The House of Representatives approved a resolution on Tuesday that expressed support for Israel and denounced antisemitism. The resolution was prompted by recent remarks from Rep. Pramila Jayapal (D-Washington) that sparked controversy and exposed divisions among Democrats regarding Israel-Palestine relations.
The symbolic measure, endorsed by a vote of 412-9, with 195 Democrats joining the Republicans in voting yes, affirms that Israel "is not a racist or apartheid state" and rejects all forms of antisemitism and xenophobia. It also declares unwavering support and partnership between the United States and Israel.
Among the nine Democrats who voted against the resolution were representatives Alexandria Ocasio-Cortez, Rashida Tlaib, Jamaal Bowman, Summer Lee, Ilhan Omar, Cori Bush, Andre Carson, Delia Ramirez, and Ayanna Pressley.
The dissenting votes came primarily from liberal Democrats, many of whom are members of the progressive "Squad" and have been highly critical of Israel's treatment of Palestinians, particularly under the leadership of Prime Minister Benjamin Netanyahu.
Although Jayapal is known for her criticism of Netanyahu's government, her recent comment characterizing Israel as a "racist state" drew widespread condemnation from members of both parties.
"I do not believe the idea of Israel as a nation is racist," Jayapal said in a statement.
"I do, however, believe that (Israeli Prime Minister Benjamin) Netanyahu’s extreme right-wing government has engaged in discriminatory and outright racist policies and that there are extreme racists driving that policy within the leadership of the current government," she added.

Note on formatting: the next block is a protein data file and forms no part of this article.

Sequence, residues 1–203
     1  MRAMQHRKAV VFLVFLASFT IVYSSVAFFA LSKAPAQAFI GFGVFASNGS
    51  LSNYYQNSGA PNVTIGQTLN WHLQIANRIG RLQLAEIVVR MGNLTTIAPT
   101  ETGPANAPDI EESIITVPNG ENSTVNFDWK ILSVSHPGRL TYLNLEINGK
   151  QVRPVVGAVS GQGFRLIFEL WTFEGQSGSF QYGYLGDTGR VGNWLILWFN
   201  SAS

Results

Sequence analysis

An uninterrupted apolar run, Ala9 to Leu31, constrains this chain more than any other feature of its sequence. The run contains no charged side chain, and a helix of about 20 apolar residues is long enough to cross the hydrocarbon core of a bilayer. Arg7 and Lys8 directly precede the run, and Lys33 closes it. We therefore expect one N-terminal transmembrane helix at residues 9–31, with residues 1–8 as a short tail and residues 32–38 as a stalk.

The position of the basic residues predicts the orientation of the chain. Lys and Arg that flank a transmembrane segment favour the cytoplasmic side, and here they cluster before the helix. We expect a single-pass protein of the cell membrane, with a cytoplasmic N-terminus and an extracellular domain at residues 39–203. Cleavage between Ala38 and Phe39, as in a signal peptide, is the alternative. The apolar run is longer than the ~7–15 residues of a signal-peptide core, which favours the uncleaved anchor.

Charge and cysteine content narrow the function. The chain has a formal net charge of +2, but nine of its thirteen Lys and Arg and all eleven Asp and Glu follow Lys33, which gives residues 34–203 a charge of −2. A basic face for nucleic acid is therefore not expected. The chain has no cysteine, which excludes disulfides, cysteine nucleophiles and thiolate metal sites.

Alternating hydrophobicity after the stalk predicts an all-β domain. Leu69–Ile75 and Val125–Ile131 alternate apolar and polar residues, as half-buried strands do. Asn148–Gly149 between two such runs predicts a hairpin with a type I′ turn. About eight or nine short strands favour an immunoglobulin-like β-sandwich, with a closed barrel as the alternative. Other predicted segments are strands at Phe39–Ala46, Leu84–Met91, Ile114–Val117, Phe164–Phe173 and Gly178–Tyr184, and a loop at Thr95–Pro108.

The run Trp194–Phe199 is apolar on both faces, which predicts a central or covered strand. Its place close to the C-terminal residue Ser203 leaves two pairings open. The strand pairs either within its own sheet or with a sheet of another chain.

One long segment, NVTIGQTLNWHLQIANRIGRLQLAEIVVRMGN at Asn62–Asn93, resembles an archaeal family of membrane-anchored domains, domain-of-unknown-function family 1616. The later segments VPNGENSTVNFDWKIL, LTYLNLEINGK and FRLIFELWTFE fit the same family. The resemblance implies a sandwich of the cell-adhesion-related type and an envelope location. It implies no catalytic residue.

She subsequently issued a clarification and an apology, but Republicans remained unsatisfied, leading to the expedited vote.
The timing of the vote was strategic
The timing of the vote was strategic, as it preceded to visit of President Isaac Herzog to Congress on Wednesday. Several progressive lawmakers, including some who voted against the resolution, announced their boycott of Herzog's speech.
Republican sponsors of the resolution emphasized the importance of a unified message supporting Israel and condemning hateful rhetoric.
Rep. August Pfluger (R-Texas) stated, "We look at Israel as the most important partner in the Middle East. It's critical for the US Congress to send a unified message that we stand with Israel and that we unequivocally support our Jewish communities. There is a place for hate, for hateful words."
The resolution vote highlighted the ongoing struggle within the Democratic Party regarding Israel. While some Democrats criticized the measure for including the term "apartheid state," others defended their right to criticize Israeli government policies without denying the country's right to exist.
Tlaib, the only Palestinian American in Congress, passionately argued that Israel is an apartheid state, citing non-governmental organizations' assessments and quotes from Israeli government officials targeting Palestinians. Tlaib and other liberals who share her views opted to skip Herzog's speech.